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As governments design stimulus measures for economies hit by the COVID-19 crisis, they should take the opportunity of historically low oil prices to redirect some of the half a trillion dollars spent annually supporting fossil fuels into sustainable investment including low-carbon energy, according to the OECD and the International Energy Agency (IEA)

building 2058 640Money spent supporting coal, oil and gas could instead be invested in sustainable energy infrastructure, research and job training. (Image source: PublicDomainPictures/Pixabay)

Government aid for the production and consumption of fossil fuels totalled US$478bn in 2019, according to analysis of 77 economies by the OECD and the IEA.

While that marks an overall decline from 2018 as lower oil prices meant governments spent less subsidising energy costs for end-users, the data also show a 38 per cent rise in direct and indirect support for the production of fossil fuels across 44 advanced and emerging economies.

OECD Secretary-General Angel Gurría said, “I am saddened to see some backsliding on efforts to phase out fossil fuel support. This rise in production subsidies seems set to continue in 2020 with some countries targeting state aid to fossil fuel and related industries.

“Subsidising fossil fuels is an inefficient use of public money and serves to worsen greenhouse emissions and air pollution. While our foremost concern today must be to support economies and societies through the COVID-19 crisis, we should seize this opportunity to reform subsidies and use public funds in a way that best benefits people and the planet.”

G20 countries pledged in 2009 to gradually phase out inefficient fossil fuel subsidies. As well as encouraging consumption, fossil fuel subsidies are an ineffective way to support low-income households compared to targeted benefits and tend to favour wealthier households that use more fuel and energy.

Money spent supporting coal, oil and gas could instead be invested in sustainable energy infrastructure, research and job training. In the COVID-19 climate, subsidies drain resources that could be spent on strengthening health system preparedness and resilience, for example.

The combined OECD-IEA estimate of fossil fuel support in 2019 shows an 18 per cent decline from US$582bn in 2018 that is due mostly to the mechanical effect of the drop in global oil prices on consumption subsidies.

On the production side, while several countries reduced support for coal production and state aid to coal-fired power plants, others increased support to oil and natural gas industries, mostly through investments in infrastructure, budgetary support to absorb corporate debt or preferential tax treatment for spending on production.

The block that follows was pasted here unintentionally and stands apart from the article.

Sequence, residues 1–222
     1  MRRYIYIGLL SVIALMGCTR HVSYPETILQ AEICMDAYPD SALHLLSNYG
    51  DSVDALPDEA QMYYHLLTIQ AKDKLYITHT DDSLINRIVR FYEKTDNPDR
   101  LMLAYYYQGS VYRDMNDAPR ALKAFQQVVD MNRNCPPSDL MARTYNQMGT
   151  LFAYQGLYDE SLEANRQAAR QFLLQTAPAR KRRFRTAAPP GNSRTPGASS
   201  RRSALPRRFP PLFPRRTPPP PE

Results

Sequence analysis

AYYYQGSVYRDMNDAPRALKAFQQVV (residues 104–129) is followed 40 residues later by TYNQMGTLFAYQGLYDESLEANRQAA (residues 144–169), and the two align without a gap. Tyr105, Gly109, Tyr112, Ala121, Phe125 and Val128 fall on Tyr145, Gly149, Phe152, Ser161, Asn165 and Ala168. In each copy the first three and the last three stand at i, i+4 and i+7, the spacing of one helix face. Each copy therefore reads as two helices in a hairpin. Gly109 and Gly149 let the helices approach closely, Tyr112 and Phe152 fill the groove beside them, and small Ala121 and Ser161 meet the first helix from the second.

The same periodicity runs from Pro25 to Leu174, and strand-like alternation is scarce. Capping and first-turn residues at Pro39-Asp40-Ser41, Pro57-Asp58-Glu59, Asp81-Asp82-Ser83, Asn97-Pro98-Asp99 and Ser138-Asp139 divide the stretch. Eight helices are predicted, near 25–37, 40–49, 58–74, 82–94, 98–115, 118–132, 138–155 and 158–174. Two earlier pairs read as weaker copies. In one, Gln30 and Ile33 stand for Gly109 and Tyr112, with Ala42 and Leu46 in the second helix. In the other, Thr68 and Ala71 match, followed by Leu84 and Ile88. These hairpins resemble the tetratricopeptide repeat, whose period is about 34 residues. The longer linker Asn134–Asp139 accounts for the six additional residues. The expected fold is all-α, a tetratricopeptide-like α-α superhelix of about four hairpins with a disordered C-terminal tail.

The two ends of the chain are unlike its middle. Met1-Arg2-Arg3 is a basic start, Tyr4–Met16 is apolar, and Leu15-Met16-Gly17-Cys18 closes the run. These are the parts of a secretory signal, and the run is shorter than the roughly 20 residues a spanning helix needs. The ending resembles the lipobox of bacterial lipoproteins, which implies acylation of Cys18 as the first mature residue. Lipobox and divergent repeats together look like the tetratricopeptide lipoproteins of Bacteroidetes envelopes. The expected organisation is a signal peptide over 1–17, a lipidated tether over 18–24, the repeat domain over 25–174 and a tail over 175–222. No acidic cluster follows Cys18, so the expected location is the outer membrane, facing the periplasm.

The OECD’s analysis of budgetary transfers, tax breaks and spending programmes linked to the production and use of coal, oil, gas and other petroleum products in 44 OECD and G20 countries showed total fossil fuel support rose by 10 per cent to US$178bn in 2019, ending a five-year downward trend.

IEA analysis of government interventions that keep end-user prices artificially low in 42 economies finds that consumption subsidies dropped by US$120bn in 2019, largely due to lower market prices. The further plunge in oil prices this year offers a clear chance to wean economies off this support.

Executive Director of the IEA Fatih Birol said, “Fossil fuel subsidies are a roadblock to achieving a sustainable recovery from the COVID-19 crisis. Today’s low fossil fuel prices offer countries a golden opportunity to phase out consumption subsidies. As governments look to boost jobs and plan for a better and more resilient future, it is essential to avoid market distortions that favour polluting and inefficient technologies.”

The IEA predicts that the plunge in fossil fuel prices and use catalysed by COVID-19 is set to bring down consumption subsidies to US$180bn in 2020, which would be the lowest level since it began tracking the data in 2007. Meanwhile, sharp declines in revenues from oil and gas production make subsidy reforms crucial to ease pressure on public finances in producer economies.